Marx Brothers

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Related to Harpo Marx: Leonard Marx, Marx Brothers, Zeppo Marx

Marx Brothers,

team of American movie comedians. The members were Julius (1890?–1977), known as Groucho; Arthur (1888?–1964), originally Adolph and known as Harpo; Leonard (1887?–1961), known as Chico; and two other brothers, Milton (Gummo) and Herbert (Zeppo), who had both left the act by 1935; all were born in New York City. After starting in vaudeville they made a sensation on Broadway with The Cocoanuts and Animal Crackers, both of which they transferred to film (1929, 1930). Their anarchic, slapstick humor turned dignified settings into playhouses for Groucho's outrageous puns and wisecracks, Harpo's horn honking and girl chasing, and Chico's distorted logic. Zeppo appeared in their first five films as straight man. Their films include Monkey Business (1931), Horse Feathers (1932), Duck Soup (1933), and A Night at the Opera (1935). Groucho enjoyed a solo career as film actor, television game show emcee, and master raconteur in concert.

Bibliography

See autobiographies by Groucho (1959) and Harpo (1961); A. Marx, Life with Groucho (1954) and Son of Groucho (1972); biographies of Groucho by H. Arce (1979) and S. Kanfer (2001); Groucho Marx and R. J. Anobile, The Marx Bros. Scrapbook (1973); S. Kanfer: The Essential Groucho: Writings by, for, and about Groucho Marx (2000); S. Louvish, Monkey Business (2001); G. Mitchell, The Marx Brothers Encyclopedia (2003).

Marx Brothers

the. a US family of film comedians, esp Arthur Marx, known as Harpo (1888--1964), Herbert Marx, known as Zeppo (1901--79), Julius Marx, known as Groucho (1890--1977), and Leonard Marx known as Chico (1886--1961). Their films include Animal Crackers (1930), Monkey Business (1931), Horsefeathers (1932), Duck Soup (1933), and A Day at the Races (1937)

Marx Brothers

comedy team; all born in New York City. The three most prominent were Chico (b. Leonard) (1886–1961); Harpo (b. Adolph, but known as Arthur) (1888–1964); and Groucho (b. Julius Henry) (1890–1977). Early in its career, the team included Gummo (b. Milton) (1893–1977) and Zeppo (b. Herbert) (1901–77). Sons of German immigrants, they were pushed on the stage by their mother, Minnie Marx (sister of Al Shean of the vaudeville duo, Gallagher & Shean), and began their career in vaudeville as a musical team before switching to the anarchic, surrealist comedy that became their trademark—a mixture of verbal and physical nonsequiturs. Gummo left the act early on and was replaced by Zeppo. The four hit Broadway in 1924 in I'll Say She Is and went on to make their first movie, The Cocoanuts in 1929. Zeppo left the team after their first five films, but the remaining three had hit after hit until 1950, with Duck Soup (1933) and A Night at the Opera (1935) arguably their best movies. Chico retired early and Harpo cut back to guest appearances on television, but Groucho remained active, appearing in movies and as the host of a popular television quiz show, You Bet Your Life (1950–61). In his later years, Groucho became something of a cultural institution, writing several well-received autobiographical books, and making guest appearances with his much-imitated manner but inimitable quips; he was revered by film buffs and paid homage to by individuals as disparate as Johnny Carson and T. S. Eliot.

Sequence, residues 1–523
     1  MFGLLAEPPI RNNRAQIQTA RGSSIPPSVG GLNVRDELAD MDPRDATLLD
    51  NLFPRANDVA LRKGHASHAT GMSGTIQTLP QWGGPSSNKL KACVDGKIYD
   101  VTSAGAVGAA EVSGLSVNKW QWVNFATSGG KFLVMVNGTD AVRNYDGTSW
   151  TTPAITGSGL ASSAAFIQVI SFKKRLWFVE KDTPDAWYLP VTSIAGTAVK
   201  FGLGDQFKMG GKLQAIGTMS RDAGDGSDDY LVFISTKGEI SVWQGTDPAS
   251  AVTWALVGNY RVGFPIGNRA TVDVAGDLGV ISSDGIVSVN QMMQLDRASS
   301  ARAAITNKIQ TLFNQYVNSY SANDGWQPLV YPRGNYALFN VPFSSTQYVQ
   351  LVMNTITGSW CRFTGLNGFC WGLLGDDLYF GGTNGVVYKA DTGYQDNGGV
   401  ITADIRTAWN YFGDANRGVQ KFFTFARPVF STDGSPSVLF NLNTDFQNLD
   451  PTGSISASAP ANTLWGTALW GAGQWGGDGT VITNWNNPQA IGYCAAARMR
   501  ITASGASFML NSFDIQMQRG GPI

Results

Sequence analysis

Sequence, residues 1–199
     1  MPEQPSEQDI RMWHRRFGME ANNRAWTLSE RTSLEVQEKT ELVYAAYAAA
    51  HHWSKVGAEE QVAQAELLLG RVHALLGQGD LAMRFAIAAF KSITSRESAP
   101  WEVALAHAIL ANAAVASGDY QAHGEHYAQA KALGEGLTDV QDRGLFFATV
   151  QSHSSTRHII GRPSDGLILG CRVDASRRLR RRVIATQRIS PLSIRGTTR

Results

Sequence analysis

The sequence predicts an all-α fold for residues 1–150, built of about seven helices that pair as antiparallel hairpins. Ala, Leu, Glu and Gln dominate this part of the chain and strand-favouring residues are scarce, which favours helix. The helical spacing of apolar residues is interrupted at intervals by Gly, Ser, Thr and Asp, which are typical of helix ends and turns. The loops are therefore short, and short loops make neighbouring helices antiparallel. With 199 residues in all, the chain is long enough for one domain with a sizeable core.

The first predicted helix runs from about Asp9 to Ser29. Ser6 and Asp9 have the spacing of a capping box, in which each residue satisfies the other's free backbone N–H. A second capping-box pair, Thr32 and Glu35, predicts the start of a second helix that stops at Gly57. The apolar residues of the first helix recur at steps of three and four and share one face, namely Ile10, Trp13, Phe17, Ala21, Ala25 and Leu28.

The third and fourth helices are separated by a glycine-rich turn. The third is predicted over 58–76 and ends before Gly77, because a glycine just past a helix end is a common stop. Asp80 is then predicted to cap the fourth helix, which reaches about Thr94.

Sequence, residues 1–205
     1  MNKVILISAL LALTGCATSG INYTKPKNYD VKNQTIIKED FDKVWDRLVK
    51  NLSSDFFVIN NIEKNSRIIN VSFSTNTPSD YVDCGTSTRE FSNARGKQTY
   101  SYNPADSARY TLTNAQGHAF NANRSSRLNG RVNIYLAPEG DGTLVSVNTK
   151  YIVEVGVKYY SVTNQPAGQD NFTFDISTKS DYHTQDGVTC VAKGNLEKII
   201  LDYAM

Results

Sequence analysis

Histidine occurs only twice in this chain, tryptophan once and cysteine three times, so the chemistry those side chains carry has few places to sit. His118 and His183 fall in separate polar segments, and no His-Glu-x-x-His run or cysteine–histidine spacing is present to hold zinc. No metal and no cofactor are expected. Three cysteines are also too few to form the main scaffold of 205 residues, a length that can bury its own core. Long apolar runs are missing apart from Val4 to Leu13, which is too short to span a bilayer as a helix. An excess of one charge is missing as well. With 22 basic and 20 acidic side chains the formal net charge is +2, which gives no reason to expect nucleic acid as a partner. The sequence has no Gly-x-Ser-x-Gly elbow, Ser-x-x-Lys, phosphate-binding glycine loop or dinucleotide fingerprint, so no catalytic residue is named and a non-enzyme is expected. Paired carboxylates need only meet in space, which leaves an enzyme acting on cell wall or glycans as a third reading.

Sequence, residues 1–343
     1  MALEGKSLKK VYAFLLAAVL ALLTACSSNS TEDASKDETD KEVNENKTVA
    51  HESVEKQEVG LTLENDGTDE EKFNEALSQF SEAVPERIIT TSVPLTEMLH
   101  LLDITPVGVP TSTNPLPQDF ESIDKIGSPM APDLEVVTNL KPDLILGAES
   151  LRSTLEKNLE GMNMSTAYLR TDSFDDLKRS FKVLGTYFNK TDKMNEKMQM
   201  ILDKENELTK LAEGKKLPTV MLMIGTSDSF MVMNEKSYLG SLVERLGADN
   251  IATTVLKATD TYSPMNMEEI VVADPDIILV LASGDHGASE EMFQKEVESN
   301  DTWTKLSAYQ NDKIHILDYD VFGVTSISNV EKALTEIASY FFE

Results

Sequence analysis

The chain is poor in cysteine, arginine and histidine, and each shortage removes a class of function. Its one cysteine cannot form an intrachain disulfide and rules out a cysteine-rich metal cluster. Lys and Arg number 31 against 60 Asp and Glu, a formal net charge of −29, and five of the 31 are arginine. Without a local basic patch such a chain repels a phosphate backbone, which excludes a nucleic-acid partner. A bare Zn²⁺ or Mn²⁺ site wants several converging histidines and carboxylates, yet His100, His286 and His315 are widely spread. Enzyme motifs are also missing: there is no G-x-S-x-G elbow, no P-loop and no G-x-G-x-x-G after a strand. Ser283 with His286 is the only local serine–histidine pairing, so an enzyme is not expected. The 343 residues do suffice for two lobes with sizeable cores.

References in periodicals archive ?
Doctorow explores the comedy and pathos of Harpo Marx and why he was most children's "favorite" Marx brother.
She had everything beyond ballet technique--personality and humor; she was like a female Harpo Marx. She was sexy and complete.
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Critics, similarly, have compared him both to Buster Keaton and Harpo Marx and to Kurt Schwitters and Martin Kippenberger.
The cast, including baritone Peter McGillivray as the father, mezzo Andrea Ludwig as his daughter, Liesgen, tenor Luc Robert as the Narrator (dressed as a clown and doing a hilarious takeoff of Harpo Marx) and a chorus of other COC Ensemble members all clearly enjoyed themselves.
Looking a bit like Harpo Marx with a cap on, Olivera explained how he and a powerful grassroots coalition of unionists and peasants were able to defeat the water privatization scheme of Bechtel, the World Bank, and the Bolivian government in April 2000 by taking to the streets in enormous numbers.
When the play first opened, audiences knew the real-life models for Whiteside (Alexander Woollcott), the composer-performer Beverly Carlton (Noel Coward), and the Hollywood comedian Banjo (Harpo Marx).
Other characters based on actress Tallulah Bankhead, playwright Noel Coward, and madcap comedian Harpo Marx keep the plot turning and the audience roaring, as seemingly every great and near-great, from Indian leader Mahatma Gandhi (whom Whiteside affectionately calls Booboo) to stars of stage and screen, check in by phone or telegram.
Kaufman and Marc Connelly, actor/comedian Harpo Marx, and journalists Franklin P.
Adams, Marc Connelly, Harold Ross, Harpo Marx, Edna Ferber, and Russel Crouse.
He was a leading member of the Algonquin Round Table, a group consisting of such writers, musicians, and artists as Harpo Marx, George S.